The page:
I doubt too many farmers have a budget line item for conservation practices. Why bother, right? Sure, you may have some income for CRP, maybe EQIP dollars, possibly a few bucks for cover crops. But, profit in conservation? Not hardly, as most income is probably turned into red numbers due to expenses.
But are we looking at each practice in a silo?
In many of the stories we’ve written over the years on conservation practices, farmers have a tough time with the profitability question, as real data is difficult to find and hard to measure when you’re trying to improve such things as soil erosion, soil health, water quality and such.
Yes, some farmers have figured out that, over time, a given practice has earned its keep on the farm. Others just chalk it up as a practice they’re willing to invest in.
Unfortunately, in these tight economic times, your lender or banker may scoff at a “conservation investment.”
I raise this issue due to a headline that recently crossed my inbox, “Farmers open their books to show financial impact of conservation.” Seems the ag/food consultant and CPA firm K-Coe Isom has teamed up with the Environmental Defense Fund to study how the adoption of conservation practices affect the farm budgets of three Midwest grain farms.
While the report won’t be finished until later this year, initial results show how conservation can benefit the bottom line.
Here are three lessons learned so far in their study of farmer adoption of no-till, crop rotations, cover crops and nutrient management:
1. Economic viability comes first
Above all else, farmers need to be profitable. In lean years, even conservation-minded farmers must take a second look at costs required for a specific practice. Those farmers yet to adopt new conservation activities are less likely to experiment. And to those sustainability advocates, don’t push farmers to adopt unless they can stay solvent.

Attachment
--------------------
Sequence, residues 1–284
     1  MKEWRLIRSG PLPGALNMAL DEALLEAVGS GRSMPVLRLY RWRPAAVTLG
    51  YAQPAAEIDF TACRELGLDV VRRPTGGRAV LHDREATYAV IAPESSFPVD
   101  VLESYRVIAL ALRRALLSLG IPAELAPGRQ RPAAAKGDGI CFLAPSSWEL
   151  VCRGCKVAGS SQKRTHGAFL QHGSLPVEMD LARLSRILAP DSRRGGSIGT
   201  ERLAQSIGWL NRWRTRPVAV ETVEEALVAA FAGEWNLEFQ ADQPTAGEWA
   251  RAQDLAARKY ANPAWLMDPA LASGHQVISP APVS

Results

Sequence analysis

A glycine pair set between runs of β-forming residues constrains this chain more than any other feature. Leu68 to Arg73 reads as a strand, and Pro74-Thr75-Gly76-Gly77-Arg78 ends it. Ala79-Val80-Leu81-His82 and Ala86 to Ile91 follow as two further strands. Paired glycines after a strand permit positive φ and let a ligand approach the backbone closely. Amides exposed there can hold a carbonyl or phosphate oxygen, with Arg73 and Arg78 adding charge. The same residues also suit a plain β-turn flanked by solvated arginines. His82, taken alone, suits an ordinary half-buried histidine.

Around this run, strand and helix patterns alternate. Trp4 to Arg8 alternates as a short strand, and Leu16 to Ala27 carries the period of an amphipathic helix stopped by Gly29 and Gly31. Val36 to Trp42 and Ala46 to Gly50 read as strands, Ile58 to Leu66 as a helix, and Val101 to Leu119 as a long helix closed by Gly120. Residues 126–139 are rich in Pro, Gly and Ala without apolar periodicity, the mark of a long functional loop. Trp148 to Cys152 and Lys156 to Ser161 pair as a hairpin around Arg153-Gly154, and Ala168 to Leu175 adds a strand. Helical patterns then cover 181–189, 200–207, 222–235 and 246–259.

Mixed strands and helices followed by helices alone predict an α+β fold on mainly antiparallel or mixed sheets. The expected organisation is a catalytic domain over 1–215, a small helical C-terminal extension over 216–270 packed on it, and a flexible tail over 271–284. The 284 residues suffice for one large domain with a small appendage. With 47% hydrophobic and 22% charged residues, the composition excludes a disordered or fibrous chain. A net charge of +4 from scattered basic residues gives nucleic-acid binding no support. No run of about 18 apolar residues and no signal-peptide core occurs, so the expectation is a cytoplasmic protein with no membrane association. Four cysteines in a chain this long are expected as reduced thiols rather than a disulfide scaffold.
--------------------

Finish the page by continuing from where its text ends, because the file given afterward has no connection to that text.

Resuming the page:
2. Conservation requires a holistic view
Since agriculture is complex and every crop has its own set of unique circumstances, it is extraordinarily difficult to prove overall economic impact of conservation, in isolation. However, when practices are examined holistically together, across the entire farm, the whole is greater than the sum of the parts. While some conservation practice costs increase, savings can occur across a budget—including lower fertilizer, chemical, labor, fuel and equipment costs. And, the AgKnowledge group of K-Coe says that a few years after adoption, farmers achieve either increased or more resilient yields—losing less yield in poor weather years.
3. Land values should reflect sustainability
This preliminary report also mentioned the market disincentives that prevent conservation adoption—like on rented land. Landowners rarely share the costs of practices like cover crops that add soil health value, since farmland appraisal and leases seldom reflect these gains. If the real value of conservation for landowners, insurers, lenders and neighboring communities was recognized, it would give farmers greater incentive to adopt.
I’m looking forward to the complete analysis of this study because I believe, like this report concludes, that farm accountants can help identify the positive, holistic budget impacts of conservation that can improve farmer decisions. And greater transparency of such profits can, in turn, help markets reward good stewardship.
Let’s keep conservation moving forward.